The Chicago construction accident law firm of GWC Injury Lawyers has represented the working men and women of Illinois for more than 30 years.
We are proud to continue that tradition by representing a hardworking member of the Bricklayers Local 21 and are ready to help fight for the justice that injured bricklayers deserve.
Our firm concentrates its practice on representing clients suffering catastrophic injuries and wrongful death cases in Chicago and the surrounding cities and counties in Illinois.
GWC Secures $8.37 Million Jury Verdict for Injured Indiana Bricklayer
On October 25, 2011, a Cook County Jury awarded a verdict of $8,376,000 to a Local 21 bricklayer for a serious heel injury that he suffered in an Indiana construction accident on May 30, 2006.
The case was tried before Judge Suriano, by Colin J. O’Malley and Joseph P. Sorce of GWC Injury Lawyers in Chicago, Illinois. The lawsuit was filed against Emil Perrotta Co, Inc., a carpenter subcontractor working the Chicago area.
On May 30, 2006, the Local 21 bricklayer was working at the Coffee Creek Center Project taking place in Chesterton, Indiana. The bricklayers had started work at 7 o’clock that morning and were working on the west side of the building.
“This finding by the jury was a very important part of their verdict because it was important for our client to know that his injuries were not his fault.”
At some time between 7 and 9 a.m., the carpenters from Emil Perrotta Co. Used the bricklayers’ scaffold and left an unsupported walking plank. When the Local 21 bricklayer returned to the east side of the building to continue working after the morning break, he stepped on the unsupported walking plank, which immediately gave way underneath him. He fell 30 feet to the ground below.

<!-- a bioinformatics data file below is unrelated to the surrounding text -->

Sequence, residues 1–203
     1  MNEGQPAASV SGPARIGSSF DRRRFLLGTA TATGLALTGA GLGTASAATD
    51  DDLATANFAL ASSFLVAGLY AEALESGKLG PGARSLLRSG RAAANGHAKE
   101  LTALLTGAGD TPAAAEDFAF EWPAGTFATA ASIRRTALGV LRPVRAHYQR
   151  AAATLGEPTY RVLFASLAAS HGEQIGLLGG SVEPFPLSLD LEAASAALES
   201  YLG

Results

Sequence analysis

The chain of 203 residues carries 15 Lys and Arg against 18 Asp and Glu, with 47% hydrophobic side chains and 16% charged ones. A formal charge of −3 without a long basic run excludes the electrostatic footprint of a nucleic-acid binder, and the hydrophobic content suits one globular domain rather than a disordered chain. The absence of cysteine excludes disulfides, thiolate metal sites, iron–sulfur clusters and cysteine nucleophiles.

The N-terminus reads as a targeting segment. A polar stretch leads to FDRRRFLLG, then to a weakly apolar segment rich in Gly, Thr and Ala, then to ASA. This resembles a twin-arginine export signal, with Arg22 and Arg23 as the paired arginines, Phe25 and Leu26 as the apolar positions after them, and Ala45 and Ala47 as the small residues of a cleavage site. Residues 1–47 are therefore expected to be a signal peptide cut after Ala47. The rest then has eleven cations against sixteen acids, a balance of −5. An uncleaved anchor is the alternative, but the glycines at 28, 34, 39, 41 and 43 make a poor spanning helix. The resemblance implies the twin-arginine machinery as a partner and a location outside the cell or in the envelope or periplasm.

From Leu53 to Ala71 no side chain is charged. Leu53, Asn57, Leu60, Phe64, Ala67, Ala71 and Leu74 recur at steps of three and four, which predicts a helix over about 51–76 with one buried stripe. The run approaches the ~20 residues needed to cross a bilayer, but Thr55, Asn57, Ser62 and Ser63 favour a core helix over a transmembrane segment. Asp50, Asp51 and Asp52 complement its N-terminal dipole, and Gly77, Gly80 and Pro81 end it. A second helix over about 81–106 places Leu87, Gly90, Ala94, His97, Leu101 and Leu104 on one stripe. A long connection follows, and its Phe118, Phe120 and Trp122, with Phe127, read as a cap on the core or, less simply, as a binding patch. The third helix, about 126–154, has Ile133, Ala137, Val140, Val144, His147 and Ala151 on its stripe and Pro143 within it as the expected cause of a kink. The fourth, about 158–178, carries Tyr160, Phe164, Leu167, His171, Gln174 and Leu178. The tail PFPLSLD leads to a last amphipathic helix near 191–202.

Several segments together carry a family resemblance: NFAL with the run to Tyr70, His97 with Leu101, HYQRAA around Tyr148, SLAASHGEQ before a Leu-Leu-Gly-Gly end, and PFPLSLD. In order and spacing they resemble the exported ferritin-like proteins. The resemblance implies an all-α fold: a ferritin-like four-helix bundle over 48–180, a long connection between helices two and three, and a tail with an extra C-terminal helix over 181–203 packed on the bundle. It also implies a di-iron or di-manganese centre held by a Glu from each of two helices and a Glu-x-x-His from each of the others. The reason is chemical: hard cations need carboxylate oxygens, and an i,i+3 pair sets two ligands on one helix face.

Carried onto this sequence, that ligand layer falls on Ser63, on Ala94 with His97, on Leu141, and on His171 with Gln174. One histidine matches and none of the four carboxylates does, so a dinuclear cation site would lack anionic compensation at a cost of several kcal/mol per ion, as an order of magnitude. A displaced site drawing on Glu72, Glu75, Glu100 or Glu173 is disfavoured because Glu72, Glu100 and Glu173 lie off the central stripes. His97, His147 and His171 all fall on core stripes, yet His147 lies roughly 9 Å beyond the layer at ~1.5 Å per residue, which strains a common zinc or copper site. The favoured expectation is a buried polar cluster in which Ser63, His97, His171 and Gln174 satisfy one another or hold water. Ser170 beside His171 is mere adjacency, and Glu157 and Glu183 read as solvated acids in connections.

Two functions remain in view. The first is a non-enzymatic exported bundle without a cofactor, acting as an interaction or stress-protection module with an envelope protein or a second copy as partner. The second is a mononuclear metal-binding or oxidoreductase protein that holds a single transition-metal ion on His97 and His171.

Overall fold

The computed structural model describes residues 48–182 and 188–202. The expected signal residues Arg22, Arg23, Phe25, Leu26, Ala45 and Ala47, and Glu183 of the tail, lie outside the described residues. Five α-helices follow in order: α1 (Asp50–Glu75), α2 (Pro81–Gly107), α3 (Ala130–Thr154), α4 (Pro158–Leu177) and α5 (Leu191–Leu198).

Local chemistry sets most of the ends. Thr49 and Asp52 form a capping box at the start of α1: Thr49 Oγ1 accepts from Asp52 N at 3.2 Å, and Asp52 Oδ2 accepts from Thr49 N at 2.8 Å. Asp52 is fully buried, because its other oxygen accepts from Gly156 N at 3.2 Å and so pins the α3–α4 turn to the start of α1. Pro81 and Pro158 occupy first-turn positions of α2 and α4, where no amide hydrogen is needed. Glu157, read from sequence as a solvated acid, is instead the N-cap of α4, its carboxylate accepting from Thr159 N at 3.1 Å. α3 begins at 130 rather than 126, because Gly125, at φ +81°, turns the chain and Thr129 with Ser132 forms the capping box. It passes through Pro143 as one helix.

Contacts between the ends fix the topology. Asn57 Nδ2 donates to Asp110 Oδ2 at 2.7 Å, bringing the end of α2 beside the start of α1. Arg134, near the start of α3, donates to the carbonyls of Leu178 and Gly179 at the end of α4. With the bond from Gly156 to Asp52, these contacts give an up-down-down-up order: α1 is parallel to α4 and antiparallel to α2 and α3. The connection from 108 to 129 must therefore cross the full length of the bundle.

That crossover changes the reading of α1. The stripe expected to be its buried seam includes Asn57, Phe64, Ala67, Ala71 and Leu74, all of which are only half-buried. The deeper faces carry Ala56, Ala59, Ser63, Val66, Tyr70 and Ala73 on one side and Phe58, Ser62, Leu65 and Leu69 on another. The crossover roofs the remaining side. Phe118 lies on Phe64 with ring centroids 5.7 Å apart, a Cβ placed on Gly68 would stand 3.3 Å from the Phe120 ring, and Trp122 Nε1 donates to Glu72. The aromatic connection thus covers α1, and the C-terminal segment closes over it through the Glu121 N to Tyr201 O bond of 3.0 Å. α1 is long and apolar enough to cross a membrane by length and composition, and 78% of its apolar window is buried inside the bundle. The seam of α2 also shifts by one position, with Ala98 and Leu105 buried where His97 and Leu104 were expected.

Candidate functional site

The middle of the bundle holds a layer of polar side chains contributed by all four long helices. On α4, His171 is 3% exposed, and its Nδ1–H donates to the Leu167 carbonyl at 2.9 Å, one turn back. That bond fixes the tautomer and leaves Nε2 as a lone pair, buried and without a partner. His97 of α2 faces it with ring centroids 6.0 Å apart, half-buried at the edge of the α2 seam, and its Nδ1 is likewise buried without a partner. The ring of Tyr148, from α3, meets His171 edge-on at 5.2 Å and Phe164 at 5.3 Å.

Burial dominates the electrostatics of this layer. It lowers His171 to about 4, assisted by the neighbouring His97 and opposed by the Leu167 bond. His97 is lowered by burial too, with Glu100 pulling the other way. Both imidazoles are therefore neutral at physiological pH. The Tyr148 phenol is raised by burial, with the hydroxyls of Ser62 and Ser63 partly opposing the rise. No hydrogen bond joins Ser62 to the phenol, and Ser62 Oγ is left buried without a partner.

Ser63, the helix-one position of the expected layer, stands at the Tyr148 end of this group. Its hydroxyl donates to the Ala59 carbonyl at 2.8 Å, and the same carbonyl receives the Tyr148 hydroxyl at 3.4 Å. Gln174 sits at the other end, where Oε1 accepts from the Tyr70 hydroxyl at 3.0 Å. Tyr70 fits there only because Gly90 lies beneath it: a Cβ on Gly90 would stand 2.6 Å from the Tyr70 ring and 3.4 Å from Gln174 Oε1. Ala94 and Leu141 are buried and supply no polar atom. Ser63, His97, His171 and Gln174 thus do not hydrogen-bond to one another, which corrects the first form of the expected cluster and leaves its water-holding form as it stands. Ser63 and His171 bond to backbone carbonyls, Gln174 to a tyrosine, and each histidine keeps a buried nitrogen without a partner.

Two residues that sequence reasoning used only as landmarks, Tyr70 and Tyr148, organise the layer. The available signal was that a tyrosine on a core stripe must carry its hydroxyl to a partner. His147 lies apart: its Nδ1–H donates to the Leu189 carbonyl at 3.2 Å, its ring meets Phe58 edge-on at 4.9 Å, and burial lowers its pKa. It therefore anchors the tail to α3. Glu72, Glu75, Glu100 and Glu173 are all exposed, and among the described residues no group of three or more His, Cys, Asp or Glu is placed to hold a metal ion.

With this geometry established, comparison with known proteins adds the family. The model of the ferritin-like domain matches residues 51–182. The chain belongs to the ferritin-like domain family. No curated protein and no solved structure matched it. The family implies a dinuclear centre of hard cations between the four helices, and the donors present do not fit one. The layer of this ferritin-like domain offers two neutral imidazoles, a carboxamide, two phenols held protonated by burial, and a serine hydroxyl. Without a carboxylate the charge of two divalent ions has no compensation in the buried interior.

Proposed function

As a result of the fall, the bricklayer suffered a calcaneus fracture, ruptured Achilles tendon and a vertebral fracture. Despite his heroic efforts to rehabilitate himself and get back to work as a union bricklayer, a career he loved, he was never able to meet the physical demands of being a bricklayer.
The jury heard five days of evidence and deliberated for over eight hours before reaching its verdict. In their verdict, the jury found that the bricklayer was not responsible for the accident, which was a vindication for the bricklayer who prided himself on being a well-trained, safety-conscious union mason.